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Introduction

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In 1996, the world 1 ranked player Steffi Graf experienced “inflammation” in her left patellar tendon at Wimbledon and later in the same year she defaulted a semifinal match at Leipzig—the first withdrawal in her career. In February 1997, she defaulted in the Pan Pacific Open due to reaggravating that injury. On 10 June 1997, she underwent left knee surgery. She won only four of her career total 107 titles after that surgery; she retired in August 1999 aged 30.

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Anterior knee pain is the most common presenting symptom in many physiotherapy and sports physician practices.1, 2 It contributes substantially to the 20–40% of family practice consultations that relate to the musculoskeletal system.3 The anatomy of the anterior knee is depicted in Figure 33.1).

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Figure 33.1

Anatomy of the anterior knee

(a) Surface anatomy

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In this chapter, we:

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  • outline the clinical approach to assessing the patient with anterior knee pain, particularly with a view to distinguishing the common conditions—patellofemoral pain and patellar tendinopathy

  • detail contemporary management integrating high-level evidence with the best of clinical experience (see Chapter 3 for levels of evidence)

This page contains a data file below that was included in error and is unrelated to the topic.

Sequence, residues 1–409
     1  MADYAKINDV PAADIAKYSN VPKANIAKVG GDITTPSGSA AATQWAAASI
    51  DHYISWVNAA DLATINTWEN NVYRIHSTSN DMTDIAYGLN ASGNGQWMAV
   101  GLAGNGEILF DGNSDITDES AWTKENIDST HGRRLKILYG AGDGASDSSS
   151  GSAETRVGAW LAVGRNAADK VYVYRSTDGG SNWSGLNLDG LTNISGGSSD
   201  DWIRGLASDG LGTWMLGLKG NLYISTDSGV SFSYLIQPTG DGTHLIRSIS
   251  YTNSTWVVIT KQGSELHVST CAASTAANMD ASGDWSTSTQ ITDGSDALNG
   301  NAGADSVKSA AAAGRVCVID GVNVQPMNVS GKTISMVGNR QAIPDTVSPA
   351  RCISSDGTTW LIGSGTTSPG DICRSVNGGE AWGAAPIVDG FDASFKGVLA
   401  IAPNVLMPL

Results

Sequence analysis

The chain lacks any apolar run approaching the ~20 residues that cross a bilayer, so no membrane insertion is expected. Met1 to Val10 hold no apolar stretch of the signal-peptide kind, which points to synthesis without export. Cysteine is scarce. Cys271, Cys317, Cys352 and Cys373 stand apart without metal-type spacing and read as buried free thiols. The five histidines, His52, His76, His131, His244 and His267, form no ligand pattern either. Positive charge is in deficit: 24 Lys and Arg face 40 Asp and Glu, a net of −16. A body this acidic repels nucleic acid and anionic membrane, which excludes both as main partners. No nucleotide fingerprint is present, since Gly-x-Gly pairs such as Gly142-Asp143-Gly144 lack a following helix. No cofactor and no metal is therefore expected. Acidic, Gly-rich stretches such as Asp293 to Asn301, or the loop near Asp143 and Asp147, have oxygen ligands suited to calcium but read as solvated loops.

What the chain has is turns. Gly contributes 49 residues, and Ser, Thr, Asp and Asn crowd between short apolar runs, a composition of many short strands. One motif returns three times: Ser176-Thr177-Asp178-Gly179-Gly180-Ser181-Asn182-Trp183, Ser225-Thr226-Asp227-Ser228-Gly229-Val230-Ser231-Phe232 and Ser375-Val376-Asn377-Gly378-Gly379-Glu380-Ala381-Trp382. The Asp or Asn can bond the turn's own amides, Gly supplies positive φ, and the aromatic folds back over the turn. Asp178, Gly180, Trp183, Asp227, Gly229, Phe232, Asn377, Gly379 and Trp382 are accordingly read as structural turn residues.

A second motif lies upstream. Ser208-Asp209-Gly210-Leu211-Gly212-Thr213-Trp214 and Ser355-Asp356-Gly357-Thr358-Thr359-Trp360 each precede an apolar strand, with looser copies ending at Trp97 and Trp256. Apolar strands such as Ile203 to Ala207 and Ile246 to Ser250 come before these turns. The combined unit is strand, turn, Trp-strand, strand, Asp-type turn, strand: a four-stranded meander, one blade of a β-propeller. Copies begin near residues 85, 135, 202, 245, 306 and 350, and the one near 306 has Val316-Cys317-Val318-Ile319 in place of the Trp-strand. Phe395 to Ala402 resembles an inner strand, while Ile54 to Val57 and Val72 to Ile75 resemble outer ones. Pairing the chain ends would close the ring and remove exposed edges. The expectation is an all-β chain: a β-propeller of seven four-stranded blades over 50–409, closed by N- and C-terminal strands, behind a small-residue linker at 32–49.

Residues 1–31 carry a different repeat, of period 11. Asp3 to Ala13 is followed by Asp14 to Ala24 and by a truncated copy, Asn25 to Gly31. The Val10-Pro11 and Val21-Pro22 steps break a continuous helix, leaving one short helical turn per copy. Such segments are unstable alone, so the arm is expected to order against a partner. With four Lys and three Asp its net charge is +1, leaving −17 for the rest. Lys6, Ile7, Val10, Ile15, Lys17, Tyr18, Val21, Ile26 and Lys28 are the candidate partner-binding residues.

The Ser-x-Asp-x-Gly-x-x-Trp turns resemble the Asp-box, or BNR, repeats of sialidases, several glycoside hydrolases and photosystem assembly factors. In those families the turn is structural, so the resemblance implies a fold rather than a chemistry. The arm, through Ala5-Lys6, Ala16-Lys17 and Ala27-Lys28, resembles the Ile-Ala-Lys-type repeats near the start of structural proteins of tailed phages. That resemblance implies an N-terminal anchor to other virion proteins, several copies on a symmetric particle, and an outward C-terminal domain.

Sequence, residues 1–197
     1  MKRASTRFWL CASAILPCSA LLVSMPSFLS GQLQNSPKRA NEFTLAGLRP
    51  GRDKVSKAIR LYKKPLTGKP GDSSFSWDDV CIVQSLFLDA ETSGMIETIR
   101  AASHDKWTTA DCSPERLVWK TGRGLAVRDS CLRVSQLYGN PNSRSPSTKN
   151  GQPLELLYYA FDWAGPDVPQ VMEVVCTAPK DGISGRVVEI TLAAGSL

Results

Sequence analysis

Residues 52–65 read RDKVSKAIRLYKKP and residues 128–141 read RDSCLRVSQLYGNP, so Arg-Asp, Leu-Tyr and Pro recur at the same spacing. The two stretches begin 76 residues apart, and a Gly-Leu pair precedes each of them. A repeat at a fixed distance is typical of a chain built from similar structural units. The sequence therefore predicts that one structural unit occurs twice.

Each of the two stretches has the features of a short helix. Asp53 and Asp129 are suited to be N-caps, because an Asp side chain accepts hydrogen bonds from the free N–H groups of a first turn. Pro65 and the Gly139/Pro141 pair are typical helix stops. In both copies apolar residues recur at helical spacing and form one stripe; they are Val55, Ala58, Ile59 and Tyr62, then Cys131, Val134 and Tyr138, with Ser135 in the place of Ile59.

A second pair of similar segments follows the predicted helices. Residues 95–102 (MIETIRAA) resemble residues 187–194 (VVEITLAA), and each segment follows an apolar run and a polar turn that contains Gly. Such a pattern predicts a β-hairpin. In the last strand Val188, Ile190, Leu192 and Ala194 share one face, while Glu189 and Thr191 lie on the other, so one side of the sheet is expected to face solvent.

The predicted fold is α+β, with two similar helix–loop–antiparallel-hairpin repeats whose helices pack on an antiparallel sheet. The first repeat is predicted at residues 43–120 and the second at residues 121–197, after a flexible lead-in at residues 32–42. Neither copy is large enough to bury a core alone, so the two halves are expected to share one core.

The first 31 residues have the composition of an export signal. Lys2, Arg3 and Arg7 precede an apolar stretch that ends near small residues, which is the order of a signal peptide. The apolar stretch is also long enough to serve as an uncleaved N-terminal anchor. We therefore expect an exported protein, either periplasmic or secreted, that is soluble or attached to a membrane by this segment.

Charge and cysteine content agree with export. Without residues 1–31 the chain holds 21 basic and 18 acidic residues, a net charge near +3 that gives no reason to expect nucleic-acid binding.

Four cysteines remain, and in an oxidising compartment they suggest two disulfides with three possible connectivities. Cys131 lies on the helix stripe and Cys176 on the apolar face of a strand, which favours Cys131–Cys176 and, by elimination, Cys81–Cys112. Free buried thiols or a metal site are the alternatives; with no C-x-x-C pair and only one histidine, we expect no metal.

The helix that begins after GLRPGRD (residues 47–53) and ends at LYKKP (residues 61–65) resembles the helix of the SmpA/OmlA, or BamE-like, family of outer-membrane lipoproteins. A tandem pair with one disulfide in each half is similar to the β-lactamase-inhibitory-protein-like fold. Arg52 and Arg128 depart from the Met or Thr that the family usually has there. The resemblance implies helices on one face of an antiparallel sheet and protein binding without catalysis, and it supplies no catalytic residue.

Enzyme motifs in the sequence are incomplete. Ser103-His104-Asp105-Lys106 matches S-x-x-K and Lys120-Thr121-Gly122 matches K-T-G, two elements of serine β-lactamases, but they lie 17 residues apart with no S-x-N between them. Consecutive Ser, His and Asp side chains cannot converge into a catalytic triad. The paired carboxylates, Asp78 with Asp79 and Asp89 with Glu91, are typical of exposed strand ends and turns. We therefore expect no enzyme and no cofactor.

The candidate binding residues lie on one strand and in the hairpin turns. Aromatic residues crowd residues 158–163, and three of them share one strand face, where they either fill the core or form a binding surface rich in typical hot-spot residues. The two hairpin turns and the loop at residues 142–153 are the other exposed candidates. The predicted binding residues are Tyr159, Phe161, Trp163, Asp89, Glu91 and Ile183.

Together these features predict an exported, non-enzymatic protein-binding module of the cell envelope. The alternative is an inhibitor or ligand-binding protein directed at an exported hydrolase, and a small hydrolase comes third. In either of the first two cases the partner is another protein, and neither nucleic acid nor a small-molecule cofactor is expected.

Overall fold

• discuss less common causes of anterior knee pain such as fat pad impingement, which may mimic features of both patellofemoral pain and patellar tendinopathy.

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Clinical approach

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Distinguishing between patellofemoral pain and patellar tendinopathy as a cause of anterior knee pain can be difficult. Rarely, both conditions may be present. Causes of anterior knee pain are listed in Table 33.1.

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Table Graphic Jump Location
Table 33.1

Causes of anterior knee pain

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History

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There are a number of important factors to elicit from the history of a sportsperson with the presentation of “anterior knee pain.” These include the specific location of the pain, the nature of aggravating activities, the history of the onset and the behavior of the pain, as well as any associated clicking, “giving way,” or swelling.

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Although it may be difficult for the patient with anterior knee pain to be specific about the location of the pain, this symptom often provides an important clue as to which structure is affected. For example, retropatellar or peripatellar pain suggests that the ...

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